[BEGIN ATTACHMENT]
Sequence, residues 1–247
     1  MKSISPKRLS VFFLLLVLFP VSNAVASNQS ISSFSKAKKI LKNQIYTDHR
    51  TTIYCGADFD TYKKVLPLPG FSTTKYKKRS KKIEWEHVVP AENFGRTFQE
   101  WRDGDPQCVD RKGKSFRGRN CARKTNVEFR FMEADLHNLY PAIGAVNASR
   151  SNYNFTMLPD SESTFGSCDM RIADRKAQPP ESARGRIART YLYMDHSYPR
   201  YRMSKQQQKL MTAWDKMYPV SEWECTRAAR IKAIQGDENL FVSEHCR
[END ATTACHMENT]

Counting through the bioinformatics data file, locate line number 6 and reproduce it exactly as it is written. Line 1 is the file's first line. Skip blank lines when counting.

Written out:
   201  YRMSKQQQKL MTAWDKMYPV SEWECTRAAR IKAIQGDENL FVSEHCR